PETA Launches Search for Vegan ‘Super Fecal Donors’

Healthy Vegan Gut Flora Recognized as Gold Transplant Standard for Those Suffering From C. difficile, Other Serious Digestive Complaints

For Immediate Release:
September 6, 2017

Contact:
Megan Wiltsie 202-483-7382

Norfolk, Va. – PETA has found a nifty way of making new vegans: Since fecal microbiota transplants are becoming more popular as a treatment for patients suffering from C. difficile (C. diff), Crohn’s disease, and other serious and debilitating stomach ailments—and since fecal transplants from healthy vegan donors are considered the gold standard—it posted a call on its website this morning urging vegans to sign up to become “super fecal donors” through stool banks OpenBiome and Advancing Bio. PETA hopes that by helping people beat serious stomach complaints, vegan fecal donations will help recipients see the value of going vegan themselves in order to save lives—those of animals and, potentially, their own.

“Eating a whole food plant-based diet leads to the growth of good gut bacteria, which in turn leads to the improvement of overall health,” Dr. Angie Sadeghi says. “As a gastroenterologist, I love the idea of PETA calling on healthy vegans to extend their lifesaving work by donating fecal matter to humans suffering from C. Diff and other treatable ailments.”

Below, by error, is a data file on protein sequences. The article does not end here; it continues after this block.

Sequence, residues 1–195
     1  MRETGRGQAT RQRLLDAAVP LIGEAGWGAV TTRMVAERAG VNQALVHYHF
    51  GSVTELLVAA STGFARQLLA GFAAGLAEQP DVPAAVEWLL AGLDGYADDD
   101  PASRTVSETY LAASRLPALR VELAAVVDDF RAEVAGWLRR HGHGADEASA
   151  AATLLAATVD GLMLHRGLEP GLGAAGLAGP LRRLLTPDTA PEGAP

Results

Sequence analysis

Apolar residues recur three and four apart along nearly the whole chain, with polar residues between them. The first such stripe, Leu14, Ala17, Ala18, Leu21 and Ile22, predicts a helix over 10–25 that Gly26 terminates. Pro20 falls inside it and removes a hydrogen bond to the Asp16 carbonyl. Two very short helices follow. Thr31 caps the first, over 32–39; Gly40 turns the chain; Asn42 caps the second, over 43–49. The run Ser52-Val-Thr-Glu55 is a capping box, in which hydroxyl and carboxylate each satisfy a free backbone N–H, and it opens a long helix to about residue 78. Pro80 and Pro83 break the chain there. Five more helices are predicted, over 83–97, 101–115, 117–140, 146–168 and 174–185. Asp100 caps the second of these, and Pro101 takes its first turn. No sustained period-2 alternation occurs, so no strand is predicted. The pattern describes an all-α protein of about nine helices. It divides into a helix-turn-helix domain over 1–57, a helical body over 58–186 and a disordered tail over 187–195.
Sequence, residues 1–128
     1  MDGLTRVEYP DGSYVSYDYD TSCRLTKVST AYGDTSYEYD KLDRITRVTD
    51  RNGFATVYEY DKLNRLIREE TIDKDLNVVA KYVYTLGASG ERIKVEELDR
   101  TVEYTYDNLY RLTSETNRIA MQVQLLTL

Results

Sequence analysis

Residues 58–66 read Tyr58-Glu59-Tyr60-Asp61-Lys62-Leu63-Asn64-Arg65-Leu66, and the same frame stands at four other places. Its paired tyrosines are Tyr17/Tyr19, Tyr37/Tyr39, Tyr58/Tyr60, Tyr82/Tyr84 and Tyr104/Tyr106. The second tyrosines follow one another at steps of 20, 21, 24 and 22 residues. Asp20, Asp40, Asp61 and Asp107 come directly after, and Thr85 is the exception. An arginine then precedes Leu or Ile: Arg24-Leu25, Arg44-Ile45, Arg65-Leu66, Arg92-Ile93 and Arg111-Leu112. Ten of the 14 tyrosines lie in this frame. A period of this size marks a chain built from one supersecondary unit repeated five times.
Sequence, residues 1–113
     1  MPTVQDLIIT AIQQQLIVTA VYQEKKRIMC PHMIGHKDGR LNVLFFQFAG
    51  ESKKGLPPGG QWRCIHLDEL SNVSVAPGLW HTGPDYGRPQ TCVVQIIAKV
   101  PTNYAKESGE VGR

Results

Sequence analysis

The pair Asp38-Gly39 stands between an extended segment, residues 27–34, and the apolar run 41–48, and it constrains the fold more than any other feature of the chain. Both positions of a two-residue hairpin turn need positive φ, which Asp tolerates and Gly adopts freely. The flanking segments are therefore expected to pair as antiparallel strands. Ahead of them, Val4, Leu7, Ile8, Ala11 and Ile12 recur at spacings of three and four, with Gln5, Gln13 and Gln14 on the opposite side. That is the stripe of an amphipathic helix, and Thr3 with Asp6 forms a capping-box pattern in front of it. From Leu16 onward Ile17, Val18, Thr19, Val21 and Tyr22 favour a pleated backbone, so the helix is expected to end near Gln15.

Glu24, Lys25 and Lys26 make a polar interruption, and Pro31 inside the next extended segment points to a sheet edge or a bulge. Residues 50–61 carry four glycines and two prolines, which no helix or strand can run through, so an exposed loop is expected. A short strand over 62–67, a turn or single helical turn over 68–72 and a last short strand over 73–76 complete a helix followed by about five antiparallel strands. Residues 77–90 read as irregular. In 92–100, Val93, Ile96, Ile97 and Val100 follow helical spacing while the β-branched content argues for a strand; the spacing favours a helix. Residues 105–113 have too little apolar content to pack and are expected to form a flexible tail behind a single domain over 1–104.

As Dr. Sadeghi discusses on her website, gut flora can even have psychological effects. High-fiber plant-based foods such as vegetables, nuts, seeds, fruits, and legumes can increase the growth of beneficial bacteria in the colon and decrease inflammation, which has been linked to anxiety and depression.

“Vegan kitchens save 100 animals a year, and now, vegan bathrooms can be used to save some of our fellow human beings,” PETA President Ingrid Newkirk says. “PETA is betting the farm that after meat-eaters experience the health and mood benefits of vegan stool, they’ll go vegan themselves.”

PETA—whose motto reads, in part, that “animals are not ours to eat”—notes that in addition to boasting healthy gut flora, vegans are, on average, 10 to 20 pounds lighter than meat-eaters are, and they’re less prone to suffer from heart attacks, strokes, obesity, diabetes, or cancer.

For more information, please visit PETA’s blog.

For Media: Contact PETA's
Media Response Team.

Contact

Get PETA Updates

Stay up to date on the latest vegan trends and get breaking animal rights news delivered straight to your inbox!

By submitting this form, you are agreeing to our collection, storage, use, and disclosure of your personal info in accordance with our privacy policy as well as to receiving e-mails from us.

 Ingrid E. Newkirk

“Almost all of us grew up eating meat, wearing leather, and going to circuses and zoos. We never considered the impact of these actions on the animals involved. For whatever reason, you are now asking the question: Why should animals have rights?” READ MORE

— Ingrid E. Newkirk, PETA President and co-author of Animalkind